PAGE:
General Introduction: Rohault’s Cartesianism
Mihnea Dobre, Ovidiu Babeș, Ioana Bujor, Grigore Vida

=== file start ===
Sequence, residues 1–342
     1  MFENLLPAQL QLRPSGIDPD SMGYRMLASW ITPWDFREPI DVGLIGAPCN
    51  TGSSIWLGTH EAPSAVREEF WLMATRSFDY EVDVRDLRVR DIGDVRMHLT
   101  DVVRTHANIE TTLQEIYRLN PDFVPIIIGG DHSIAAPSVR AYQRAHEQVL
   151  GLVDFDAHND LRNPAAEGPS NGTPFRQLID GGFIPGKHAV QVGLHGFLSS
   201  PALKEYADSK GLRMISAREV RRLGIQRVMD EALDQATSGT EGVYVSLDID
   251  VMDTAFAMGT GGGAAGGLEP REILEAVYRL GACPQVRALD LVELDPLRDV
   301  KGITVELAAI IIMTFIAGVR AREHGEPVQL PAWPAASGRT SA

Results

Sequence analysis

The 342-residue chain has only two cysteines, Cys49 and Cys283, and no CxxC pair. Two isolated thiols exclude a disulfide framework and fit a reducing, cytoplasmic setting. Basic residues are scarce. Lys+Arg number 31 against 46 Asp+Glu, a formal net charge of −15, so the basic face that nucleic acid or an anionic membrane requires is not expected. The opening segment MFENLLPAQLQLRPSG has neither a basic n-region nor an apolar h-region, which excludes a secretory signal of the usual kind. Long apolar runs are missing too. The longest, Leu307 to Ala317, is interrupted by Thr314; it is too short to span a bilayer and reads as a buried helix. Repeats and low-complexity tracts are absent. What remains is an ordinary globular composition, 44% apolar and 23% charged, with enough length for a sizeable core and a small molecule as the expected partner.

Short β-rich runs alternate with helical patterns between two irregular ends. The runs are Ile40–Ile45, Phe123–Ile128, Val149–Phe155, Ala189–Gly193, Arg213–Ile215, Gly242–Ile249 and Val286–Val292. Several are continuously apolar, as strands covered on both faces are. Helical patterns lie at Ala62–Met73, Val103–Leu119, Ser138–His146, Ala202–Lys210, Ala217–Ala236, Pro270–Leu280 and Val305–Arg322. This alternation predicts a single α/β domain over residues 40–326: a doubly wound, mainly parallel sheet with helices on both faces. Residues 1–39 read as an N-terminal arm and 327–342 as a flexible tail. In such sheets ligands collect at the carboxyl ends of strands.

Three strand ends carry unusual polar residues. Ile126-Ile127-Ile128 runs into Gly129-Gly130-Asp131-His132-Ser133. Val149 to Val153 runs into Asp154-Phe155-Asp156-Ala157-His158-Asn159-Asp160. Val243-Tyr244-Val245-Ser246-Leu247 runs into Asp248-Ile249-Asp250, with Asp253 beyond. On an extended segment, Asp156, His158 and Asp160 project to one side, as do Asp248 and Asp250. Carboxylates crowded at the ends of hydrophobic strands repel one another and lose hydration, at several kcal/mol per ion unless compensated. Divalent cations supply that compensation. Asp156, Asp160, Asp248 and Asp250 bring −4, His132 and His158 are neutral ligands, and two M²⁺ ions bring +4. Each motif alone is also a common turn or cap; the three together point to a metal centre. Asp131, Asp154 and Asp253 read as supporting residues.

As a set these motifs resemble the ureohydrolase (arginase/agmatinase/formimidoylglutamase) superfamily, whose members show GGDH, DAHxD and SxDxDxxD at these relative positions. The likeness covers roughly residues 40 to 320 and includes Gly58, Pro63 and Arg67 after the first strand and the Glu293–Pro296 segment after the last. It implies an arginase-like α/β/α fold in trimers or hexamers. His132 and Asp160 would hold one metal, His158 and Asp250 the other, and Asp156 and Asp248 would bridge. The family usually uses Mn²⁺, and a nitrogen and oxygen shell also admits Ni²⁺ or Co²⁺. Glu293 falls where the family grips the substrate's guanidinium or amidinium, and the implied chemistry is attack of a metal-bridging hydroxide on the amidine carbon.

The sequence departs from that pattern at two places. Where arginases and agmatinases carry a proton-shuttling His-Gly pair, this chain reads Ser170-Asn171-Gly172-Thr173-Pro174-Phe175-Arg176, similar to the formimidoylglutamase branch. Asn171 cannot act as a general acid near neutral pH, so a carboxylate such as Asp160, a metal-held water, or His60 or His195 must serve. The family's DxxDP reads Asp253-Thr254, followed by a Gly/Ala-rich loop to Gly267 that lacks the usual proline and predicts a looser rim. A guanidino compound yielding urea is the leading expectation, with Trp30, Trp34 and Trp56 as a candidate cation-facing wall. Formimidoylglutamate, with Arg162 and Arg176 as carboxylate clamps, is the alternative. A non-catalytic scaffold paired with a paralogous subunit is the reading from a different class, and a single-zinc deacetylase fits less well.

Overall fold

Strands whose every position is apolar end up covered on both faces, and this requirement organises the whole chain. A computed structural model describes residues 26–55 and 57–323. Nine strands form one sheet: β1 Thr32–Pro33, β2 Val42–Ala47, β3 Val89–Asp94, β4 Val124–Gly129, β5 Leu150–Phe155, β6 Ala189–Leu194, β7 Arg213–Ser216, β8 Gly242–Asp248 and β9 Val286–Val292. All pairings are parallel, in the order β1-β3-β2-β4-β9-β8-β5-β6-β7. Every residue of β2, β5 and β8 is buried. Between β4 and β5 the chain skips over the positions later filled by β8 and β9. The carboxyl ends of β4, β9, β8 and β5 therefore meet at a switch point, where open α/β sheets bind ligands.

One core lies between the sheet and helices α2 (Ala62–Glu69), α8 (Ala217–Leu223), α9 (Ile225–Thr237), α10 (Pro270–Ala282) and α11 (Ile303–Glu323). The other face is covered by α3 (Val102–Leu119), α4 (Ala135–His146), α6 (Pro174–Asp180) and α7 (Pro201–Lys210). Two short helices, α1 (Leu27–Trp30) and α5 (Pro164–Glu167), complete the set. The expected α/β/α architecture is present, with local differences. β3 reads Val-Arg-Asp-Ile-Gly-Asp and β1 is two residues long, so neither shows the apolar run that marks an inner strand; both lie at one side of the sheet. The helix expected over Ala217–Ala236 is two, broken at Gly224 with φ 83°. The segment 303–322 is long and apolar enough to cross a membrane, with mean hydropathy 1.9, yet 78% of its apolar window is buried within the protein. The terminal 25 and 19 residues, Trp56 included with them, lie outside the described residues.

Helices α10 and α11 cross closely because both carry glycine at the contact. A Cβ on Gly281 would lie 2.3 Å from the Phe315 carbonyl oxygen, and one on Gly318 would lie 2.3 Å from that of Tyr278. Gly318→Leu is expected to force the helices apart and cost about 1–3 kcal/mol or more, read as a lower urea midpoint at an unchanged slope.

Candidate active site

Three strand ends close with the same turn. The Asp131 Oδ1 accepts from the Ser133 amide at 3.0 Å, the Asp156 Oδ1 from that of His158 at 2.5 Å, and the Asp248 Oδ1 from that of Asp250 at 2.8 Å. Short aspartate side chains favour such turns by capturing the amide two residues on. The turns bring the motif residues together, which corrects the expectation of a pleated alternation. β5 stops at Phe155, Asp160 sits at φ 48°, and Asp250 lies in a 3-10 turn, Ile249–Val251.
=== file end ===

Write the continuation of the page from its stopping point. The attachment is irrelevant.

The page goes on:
Jacques Rohault‘s preface to the Traité de Physique is a special document in the history of philosophy and science. The author was a well-known Cartesian, a professor of mathematics in Paris, and a reputed experimentalist. For a long time, associating Cartesianism with the empirical investigation of nature was quite uncommon. However, recent studies are blurring the boundaries.1 To be sure, this is not the only historiographical problem raised by the case of Rohault. The historian of science is equally challenged by explaining the very good reception of Rohault‘s treatise in early modern English universities, where the book was popular mainly due to several annotated editions prepared by the Newtonian Samuel Clarke.2 The current study aims to address these historiographical challenges, while introducing a critical edition of four early modern versions of Rohault‘s preface to the Traité: the original French, the first Latin translation (by Théophile Bonet and amended by Antoine Le Grand), the second Latin translation (by Samuel Clarke), and the English translation (by John Clarke).